Tuesday, March 11, 2014

Doggie Dilemma

This is only very vaguely about editing, or rather my editing business. So if you are looking for some wordsmithing, this ain't that post.

Just over a year ago, Dudley joined the Atwater Group.

Dudley's the one in the purple collar. 
He's been doing a bang-up job of getting me away from my keyboard for walks, as well as successfully protecting the premises from squirrels.  (Hey, somebody has to do it!)  As a reward for all his hard work, I take him down to the local doggy daycare.  He gets to pal around with the guys and run free in the fenced-in yard (hmmm, I guess that's not technically "free," but whatever).

The moments leading up to the realization that 1) he's going for a car ride and 2) it's to a fun place (where he gets to sniff doggy butts and not where they do unspeakable things to his butt) are amusing and frustrating.

The first clue that he's headed for a car ride is the simple act of picking up his car harness.  I've decided, after several dogs and several instance of less than safe driving, that dog harnesses are the way to go. The harness sits on a little cart by the kitchen door.  Now, we don't actually take Dudley out the kitchen door, so I'm not sure why the harness lives there, but that's where it is.  And God forbid you accidentally touch it while reaching for something else on that cart.  Dudley is trained...attuned, if you will...to hear the soft clink of the snaps on that thing.

This morning, I picked up the harness, and as expected, Dudley appeared at the top of the steps in the office and looked at me.  The stubby tail went swoosh, swoosh, swoosh like a rapid-fire windshield wiper. At my nod, he shot down the stairs.  He preceded to run around in circles at my feet - the international sign of Yes! Yes! Yes!   I called him into the bedroom, had him get up on the bed so I could get the harness around his squirming body. This process takes a few minutes.  He cannot stand still - at all.  He wiggles; he jumps up to kiss my face; he jumps off the bed to head to the door - even if the harness isn't completely on him yet.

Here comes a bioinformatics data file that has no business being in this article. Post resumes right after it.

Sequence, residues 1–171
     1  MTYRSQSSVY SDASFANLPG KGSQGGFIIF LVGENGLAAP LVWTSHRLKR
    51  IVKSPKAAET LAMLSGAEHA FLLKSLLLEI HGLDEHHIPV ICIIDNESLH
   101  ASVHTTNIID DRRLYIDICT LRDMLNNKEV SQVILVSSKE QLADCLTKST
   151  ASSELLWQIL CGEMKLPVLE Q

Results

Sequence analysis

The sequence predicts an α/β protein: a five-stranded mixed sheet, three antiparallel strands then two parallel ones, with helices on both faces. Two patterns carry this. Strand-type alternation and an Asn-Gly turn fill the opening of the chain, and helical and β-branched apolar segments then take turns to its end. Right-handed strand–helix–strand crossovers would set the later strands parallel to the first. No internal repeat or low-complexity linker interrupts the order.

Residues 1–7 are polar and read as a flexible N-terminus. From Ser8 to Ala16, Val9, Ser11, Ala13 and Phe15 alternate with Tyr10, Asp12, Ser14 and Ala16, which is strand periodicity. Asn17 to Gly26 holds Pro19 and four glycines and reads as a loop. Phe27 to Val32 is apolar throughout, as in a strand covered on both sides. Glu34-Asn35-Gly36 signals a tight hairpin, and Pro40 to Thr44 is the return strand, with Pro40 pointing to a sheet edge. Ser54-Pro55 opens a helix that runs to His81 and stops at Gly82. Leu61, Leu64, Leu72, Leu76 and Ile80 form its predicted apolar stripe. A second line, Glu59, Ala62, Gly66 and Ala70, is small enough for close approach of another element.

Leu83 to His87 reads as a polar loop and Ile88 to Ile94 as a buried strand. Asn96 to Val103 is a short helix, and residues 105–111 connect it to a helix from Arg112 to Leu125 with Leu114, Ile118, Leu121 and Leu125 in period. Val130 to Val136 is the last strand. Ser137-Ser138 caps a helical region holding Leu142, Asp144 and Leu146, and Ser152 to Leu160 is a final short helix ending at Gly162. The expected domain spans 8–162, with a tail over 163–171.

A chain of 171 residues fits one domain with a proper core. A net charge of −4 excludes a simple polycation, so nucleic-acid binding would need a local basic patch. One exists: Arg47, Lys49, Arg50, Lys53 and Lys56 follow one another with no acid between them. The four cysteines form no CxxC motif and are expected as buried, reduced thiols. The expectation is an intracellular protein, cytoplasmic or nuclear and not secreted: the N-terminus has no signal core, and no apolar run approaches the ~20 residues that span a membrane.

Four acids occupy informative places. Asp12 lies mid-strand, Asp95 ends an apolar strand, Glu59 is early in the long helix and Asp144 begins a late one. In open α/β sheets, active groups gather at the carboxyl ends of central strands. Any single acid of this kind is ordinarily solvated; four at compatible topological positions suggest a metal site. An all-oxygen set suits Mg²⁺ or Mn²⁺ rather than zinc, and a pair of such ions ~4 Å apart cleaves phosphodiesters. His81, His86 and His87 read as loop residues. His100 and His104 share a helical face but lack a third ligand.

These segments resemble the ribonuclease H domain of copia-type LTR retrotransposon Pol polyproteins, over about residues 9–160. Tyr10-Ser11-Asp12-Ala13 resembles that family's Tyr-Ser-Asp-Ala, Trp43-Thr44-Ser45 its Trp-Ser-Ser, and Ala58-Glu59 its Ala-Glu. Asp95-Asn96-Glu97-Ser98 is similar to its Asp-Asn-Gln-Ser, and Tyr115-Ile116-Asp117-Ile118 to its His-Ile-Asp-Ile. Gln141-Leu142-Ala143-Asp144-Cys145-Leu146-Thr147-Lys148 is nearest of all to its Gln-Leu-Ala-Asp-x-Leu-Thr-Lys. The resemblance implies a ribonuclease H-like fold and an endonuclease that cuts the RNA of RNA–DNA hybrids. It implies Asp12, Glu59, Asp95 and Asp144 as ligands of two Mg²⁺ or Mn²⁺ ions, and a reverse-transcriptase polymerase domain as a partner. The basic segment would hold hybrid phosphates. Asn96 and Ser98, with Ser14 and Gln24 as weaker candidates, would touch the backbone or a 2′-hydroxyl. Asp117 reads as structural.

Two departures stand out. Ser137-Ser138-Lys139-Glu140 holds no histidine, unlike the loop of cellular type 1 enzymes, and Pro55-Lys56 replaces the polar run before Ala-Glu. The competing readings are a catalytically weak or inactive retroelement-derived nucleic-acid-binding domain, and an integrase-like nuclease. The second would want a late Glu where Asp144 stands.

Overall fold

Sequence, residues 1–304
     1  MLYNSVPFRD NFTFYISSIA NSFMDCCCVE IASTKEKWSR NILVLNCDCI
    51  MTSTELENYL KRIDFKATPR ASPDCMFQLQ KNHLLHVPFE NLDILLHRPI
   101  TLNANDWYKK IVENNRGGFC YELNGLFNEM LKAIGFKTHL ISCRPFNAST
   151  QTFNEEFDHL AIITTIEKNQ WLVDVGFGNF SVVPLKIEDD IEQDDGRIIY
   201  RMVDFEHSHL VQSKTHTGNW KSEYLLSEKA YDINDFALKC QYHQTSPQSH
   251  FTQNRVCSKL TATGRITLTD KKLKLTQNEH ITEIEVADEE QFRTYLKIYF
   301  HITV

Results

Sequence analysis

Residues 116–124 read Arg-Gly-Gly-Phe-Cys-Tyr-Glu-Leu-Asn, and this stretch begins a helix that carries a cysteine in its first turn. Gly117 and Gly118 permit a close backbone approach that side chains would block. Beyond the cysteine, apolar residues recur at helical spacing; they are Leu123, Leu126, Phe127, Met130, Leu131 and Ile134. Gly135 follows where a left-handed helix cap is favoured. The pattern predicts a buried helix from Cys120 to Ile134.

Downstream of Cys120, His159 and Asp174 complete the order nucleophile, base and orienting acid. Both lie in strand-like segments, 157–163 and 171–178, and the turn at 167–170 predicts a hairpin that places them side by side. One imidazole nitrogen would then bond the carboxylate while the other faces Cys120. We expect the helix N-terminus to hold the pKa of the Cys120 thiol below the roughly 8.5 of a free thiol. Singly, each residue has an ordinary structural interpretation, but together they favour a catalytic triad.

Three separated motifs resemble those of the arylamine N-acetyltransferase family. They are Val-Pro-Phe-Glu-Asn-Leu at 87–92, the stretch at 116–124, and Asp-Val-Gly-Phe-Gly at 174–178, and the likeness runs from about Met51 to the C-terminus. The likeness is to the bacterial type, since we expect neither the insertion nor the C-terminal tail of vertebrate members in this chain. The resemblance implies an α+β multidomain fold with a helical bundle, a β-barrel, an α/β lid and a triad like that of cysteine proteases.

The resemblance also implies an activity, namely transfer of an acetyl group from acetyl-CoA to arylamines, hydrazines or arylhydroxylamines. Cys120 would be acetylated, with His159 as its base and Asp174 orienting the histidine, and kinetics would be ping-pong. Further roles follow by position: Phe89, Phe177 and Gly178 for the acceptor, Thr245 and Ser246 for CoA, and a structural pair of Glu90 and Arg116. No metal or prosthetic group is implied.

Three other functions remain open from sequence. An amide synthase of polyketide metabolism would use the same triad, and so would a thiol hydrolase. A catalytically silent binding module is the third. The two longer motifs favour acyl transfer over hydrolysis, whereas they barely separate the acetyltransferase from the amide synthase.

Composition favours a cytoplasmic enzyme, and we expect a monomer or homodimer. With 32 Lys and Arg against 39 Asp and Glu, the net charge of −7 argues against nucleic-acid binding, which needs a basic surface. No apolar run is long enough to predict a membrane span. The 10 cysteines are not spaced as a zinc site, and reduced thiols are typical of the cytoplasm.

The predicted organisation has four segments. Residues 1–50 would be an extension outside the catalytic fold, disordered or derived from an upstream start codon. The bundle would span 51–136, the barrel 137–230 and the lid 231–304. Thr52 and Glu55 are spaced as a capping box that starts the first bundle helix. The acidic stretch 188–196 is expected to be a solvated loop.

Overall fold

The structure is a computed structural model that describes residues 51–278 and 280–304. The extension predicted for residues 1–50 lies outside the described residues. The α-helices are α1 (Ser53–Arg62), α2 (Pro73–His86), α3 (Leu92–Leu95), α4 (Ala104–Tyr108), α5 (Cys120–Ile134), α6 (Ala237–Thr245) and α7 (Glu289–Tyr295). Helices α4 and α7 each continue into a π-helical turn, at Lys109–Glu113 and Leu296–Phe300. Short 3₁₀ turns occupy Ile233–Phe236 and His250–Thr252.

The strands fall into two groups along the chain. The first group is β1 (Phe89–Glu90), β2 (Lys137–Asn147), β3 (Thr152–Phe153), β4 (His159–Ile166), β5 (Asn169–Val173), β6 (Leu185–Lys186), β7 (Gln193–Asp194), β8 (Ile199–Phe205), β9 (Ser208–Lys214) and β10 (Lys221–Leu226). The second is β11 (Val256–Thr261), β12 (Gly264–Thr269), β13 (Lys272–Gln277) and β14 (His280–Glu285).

I finally get the harness hooked up and the leach on him.  I suppose I don't really have to put a leash on him for the purpose of getting him to the car.  He's so jacked up at this point, any vehicle will do.  In fact, he'll often try to run to ANY car in the driveway...kind of like the Price Is Right - which door will magically open and transport him to heaven on earth?  But, I err on the side of caution because he still doesn't respond all the time when we call his name.  He's improved over the last year, but he's inconsistent in his listening skills.

I open the front door.  This is the door I always take him out of, but when it's car ride time, he drags me down those two front steps and turns towards the parked cars instead of meandering down the path for our walk.  A new addition to our regular walking path is a bird feeder.  And you know what bird feeders mean, right?  Squirrels, of course!  Just as I had opened the door, a squirrel dropped down from the bird feeder and took off into the woods.

In his excitement, Dudley pulled and yanked and dragged me toward the scurvy coward.  In the two seconds it took to get halfway down the path, where we had to veer left to go to the car or right to continue the squirrel hunt, I said, "Dudley, we are going to DAYCARE."  I didn't shout.  I didn't yell.  But I let that last word hang in the air.

The forward momentum stopped.  His face contorted.  I could see the debate in his mind: Squirrel. Must protect against squirrel.  Must chase squirrel.  Daycare.  Must go in car.  Must play. 

Without loosing any enthusiasm, he veered left and ran to the car.

So I am working without my assistant today, but I know he'll be back on duty tomorrow.

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